The treatment room does not have atmosphere. There's a drop ceiling that reminds me of elementary school. It's a compact space, which is tall person code for "my feet were touching the wall". Some of this is just the limitations of downtown space -- the aesthetician did make the right inquiries about comfort, but when there's just not enough space... whatcha gonna do.

The treatment room isn't soundproofed from the salon, so if you come to the spa to get away from it all this isn't for you. You can still make out the strains of Yaz singing Only You, the vacuum cleaner and chatter -- though it is underneath the sounds from the in-room CD player, piping out the standard soothing spa marimba.

Ultimately though, the room doesn't matter, because my aesthetician, Chaka, knows her stuff. My facial started by asking whether I prefered to talk or not, which I wish was standard practice. I tend to get super dopey during a facial, and answering questions with a face mask is like chatting from the dentist's chair. As requested, she gave me a breakdown of everything that was happening, in a very clinical way. She was bang on in every evaluation of my skin. Including a spooky bit of 'zit divining' where she spotted an area above my eyebrow where they tend to appear. Even though it was totally clear to the naked eye (or so I thought) when I went in.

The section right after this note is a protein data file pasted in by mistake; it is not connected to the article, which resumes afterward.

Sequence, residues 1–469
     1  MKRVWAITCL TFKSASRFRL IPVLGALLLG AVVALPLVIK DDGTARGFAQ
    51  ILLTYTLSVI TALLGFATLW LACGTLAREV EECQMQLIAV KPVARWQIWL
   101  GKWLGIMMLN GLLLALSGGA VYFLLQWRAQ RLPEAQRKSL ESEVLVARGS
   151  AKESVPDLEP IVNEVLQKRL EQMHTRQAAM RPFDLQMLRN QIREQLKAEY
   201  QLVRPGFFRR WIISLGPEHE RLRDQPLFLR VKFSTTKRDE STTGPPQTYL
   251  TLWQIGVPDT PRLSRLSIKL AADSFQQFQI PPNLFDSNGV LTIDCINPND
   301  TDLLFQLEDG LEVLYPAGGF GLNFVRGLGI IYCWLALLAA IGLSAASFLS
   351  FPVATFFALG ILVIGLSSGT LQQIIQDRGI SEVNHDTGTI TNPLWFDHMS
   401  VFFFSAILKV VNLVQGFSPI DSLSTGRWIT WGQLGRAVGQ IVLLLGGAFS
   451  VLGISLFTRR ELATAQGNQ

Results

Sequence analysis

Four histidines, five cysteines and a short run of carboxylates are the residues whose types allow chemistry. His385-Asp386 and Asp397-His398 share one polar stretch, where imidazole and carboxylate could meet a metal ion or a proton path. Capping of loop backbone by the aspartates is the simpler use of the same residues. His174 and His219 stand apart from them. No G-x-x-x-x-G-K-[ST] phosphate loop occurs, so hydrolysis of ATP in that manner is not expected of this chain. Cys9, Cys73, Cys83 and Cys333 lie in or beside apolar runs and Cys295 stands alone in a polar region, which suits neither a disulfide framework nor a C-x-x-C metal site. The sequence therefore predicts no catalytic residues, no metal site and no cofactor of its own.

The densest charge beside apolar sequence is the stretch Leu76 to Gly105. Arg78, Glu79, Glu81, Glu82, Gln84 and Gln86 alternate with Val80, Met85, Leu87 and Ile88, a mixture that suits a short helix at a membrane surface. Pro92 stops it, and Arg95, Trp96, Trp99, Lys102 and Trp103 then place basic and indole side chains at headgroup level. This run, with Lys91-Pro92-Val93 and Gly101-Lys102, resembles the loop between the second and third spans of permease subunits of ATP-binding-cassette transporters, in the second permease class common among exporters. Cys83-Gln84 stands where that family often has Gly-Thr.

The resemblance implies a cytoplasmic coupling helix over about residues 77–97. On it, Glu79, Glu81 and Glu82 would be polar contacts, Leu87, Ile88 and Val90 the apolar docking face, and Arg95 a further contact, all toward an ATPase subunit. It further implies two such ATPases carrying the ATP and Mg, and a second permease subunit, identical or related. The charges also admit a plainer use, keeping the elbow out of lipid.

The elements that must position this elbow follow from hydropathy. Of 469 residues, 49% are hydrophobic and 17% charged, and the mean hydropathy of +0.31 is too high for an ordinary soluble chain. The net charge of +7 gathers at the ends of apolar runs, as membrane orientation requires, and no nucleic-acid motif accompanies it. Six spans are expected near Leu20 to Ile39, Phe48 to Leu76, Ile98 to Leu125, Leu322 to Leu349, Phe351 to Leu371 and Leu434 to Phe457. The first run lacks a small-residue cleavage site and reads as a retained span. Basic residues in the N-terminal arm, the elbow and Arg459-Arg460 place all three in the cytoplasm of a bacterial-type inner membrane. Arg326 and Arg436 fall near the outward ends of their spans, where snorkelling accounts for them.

I've started a list for the suggestions I get for why people break out along the jawline, and she had a new one for me. Up till then the going theory was hormones, but she pointed out that it can also be attributed to: where you rest your hands; which side you sleep on; and whether or not you clench your jaw.

Like I said, I'm not the biggest fan of Dermalogica. Though I did leave with a brand spanking new diagram of my face, and a list of products I could use to "fix" it (a whopping 13, new record), with little codes to indicate areas of *gasp* pigmentation (p) -- as a freckled person, seeing "pigmentation" in the same list as "breakouts" (b) or "redness" (s) is just hilarious. Also, I have fine lines (fl) around my mouth. Apparently I smile. (Dermalogica didn't have an answer for that though. Actually, nix that, I'm sure they do, but I'll skip it.)

I decided to ask about one product that I'd really noticed during my facial -- the serum. Which, it turns out, is professional-use only and not available for retail sale. Curse my keen sense for unattainable things. When she asked if I'd like to sample anything, I requested the Concealing Spot Treatment. Which, it turns out, is not available in sample size (since it won't mix properly). Smiling, she pointed out that "you want all the good stuff." Yes, yes I do.